We’ve just completed our first irrigation since planting, where there’s water there’s fish and where there’s fish there’s birds. Once again birds have descended on the fields and channels for a easy meal, as each channel is drained large carp are left behind in the receding water while smaller fish can get sucked through the siphons and into the rows.
As some dams don’t go and haven’t been dry in years the fish have a large and relatively contestant supply of water allowing their numbers to be able to build up in large numbers. When we start to irrigate the water and the fish are released out of the dam and into the channels, if the channels are drained through the field like some of our are the fish become trapped in the head ditch and become a easy meal. Only certain fields tend to end up with fish in them, they don’t require a lift pump to get the water to the head ditch as they are largely unsuccessful in making through the pump unharmed.
Its not just water birds that are attracted to cotton farms, their is a whole range of bird life that make the farm’s fields, bush land, flood plains and nature corridors. In fact there is even a bird guide for cotton growers that has been put out by a group of industry bodies. A PDF copy is available below.
I’ll leave you with a quick video that I took off my phone while driving along the head ditch, all I can make out in the video is the pelicans. If you work out any more of them Comment Below.
By now most most cotton producers have finished defoliating their crops, so what is defoliation in cotton and how is it done.
Defoliation is the process where leaves are removed from the cotton plant in order to allow for effective picking, as well as lowering the risk of boll rot, it also promotes even plant development and allows for earlier picking. This achieved through the aerial application of a chemical onto crop, the chemical works upsetting the hormone balance in the leaves of the plant causing the abscission process to begin. The abscission process involves creating an imbalance in hormones and enzymes that cause the cell walls to dissolve causing the leaf to fall off, however if too much chemical is applied to the crop the leaf may die before it falls off leaving it stuck to the plant. To minimize this problem defoliants are often applied in two lots with the first application is to remove the upper canopy and the second application to remove the lower canopy. There are other factors that can affect the how well defoliation works.
For defoliation to work effectively a least seventy percent of the cotton bolls should be cracked, there should be no new leaf growth, most of the nitrogen in the plant and soil has been used up and the application needs to be applied on a warm sunny day. If these these conditions are not met it the poor level of defoliation can cause stuck leaves leading to staining of the cotton and high level of trash.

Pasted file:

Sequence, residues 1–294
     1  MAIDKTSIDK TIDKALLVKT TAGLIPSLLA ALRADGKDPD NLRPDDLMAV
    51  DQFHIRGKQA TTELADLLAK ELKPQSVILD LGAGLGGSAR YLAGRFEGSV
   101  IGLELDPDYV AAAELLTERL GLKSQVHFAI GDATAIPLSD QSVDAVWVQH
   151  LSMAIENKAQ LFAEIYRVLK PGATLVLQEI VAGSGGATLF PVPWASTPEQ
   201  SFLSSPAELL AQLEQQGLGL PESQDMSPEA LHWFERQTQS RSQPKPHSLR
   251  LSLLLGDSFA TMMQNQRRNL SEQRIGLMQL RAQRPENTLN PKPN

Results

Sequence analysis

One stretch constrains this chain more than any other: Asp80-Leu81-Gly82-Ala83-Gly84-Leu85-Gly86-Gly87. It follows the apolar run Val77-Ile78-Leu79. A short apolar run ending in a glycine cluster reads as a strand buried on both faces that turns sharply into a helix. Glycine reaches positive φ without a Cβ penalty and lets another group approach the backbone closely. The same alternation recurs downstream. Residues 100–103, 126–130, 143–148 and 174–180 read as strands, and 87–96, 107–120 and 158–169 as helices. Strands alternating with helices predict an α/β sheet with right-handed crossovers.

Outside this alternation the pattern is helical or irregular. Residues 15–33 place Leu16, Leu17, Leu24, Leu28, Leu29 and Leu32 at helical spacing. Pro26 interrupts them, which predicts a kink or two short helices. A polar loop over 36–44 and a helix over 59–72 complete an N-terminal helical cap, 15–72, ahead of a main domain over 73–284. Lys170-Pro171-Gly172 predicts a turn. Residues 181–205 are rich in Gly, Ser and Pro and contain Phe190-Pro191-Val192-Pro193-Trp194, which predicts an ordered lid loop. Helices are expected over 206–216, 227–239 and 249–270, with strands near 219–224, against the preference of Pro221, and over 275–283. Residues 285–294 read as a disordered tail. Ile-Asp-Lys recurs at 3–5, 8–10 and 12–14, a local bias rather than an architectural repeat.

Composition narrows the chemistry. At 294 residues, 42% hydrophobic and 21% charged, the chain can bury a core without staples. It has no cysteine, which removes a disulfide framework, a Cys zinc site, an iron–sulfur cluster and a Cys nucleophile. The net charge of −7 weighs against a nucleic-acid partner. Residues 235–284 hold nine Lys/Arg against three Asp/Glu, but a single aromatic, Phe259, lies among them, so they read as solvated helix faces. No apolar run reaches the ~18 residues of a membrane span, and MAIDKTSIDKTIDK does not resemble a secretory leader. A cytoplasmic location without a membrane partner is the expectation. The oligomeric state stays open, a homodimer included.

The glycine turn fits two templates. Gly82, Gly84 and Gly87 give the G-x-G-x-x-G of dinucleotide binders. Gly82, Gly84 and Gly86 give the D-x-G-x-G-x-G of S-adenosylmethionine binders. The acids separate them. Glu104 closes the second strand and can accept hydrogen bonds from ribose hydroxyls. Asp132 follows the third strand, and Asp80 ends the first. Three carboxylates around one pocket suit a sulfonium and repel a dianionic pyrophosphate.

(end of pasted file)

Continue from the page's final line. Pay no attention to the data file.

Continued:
The plane that that is most often used in Australia to apply the defoliants to the crop is the Air Tractor, while this remarkable plane is mainly used in agriculture different versions of them are also used for fighting fires, aerial surveillance and even aerial attack. They use GPS technology to accurately and evenly apply chemicals to the crop, this helps to avoid the overlapping of sprays and excessive chemical usage.
Please feel free to leave any comments or questions below, hopefully if the weather holds out I will be able to write about cotton picking next week and will have some new pictures and video’s to put up as well but until then please enjoy this video I found on YouTube today, it doesn’t involve the spraying of cotton but is still an excellent video. Also if you’ve never visited them please feel free to check out my other sites Farming Photo’s and Cotton Careers’s.
Its been a while since my last post and I’m sorry about that but I’ve been fairly busy with uni work. With no farm work to write about I’m going to try and write at least one post a week focusing on farming practices and issues around farming, so this week I’m writing about feral animals.
Feral Animals have been building up in the wild since the colonisation of Australia in 1788 when the first fleet introduced 7 horses, 29 sheep, 74 pigs, 6 rabbits and 7 cattle to Australian environment. Since then goats, foxes, buffalo, donkey’s, cats and wild dogs have taken hold in the Australian environment decimating stock numbers and causing huge amounts of environmental damage, the cost is so great that the Invasive Animals CRC estimates that feral animals cost Australian’s $720 million each year. But there are some that I think do more damage than others.
Last weekend I went back to our family farm at North Star in Northern NSW, recent rain has left it green and full feed but it has also given the local population of pigs a place to play. Everywhere I drove there where signs of pig activity with tracks, wallows and rutted up ground littering the property. Feral pigs destroy infrastructure (fences), damage crops, spread disease, contribute to soil erosion, water purification while competing with live stock for resources. Feral pigs have even been known to prey on lambs as well as other native animals, their impact on Australia and its environment is so great that they are estimated to cost Australian’s $100 million a year.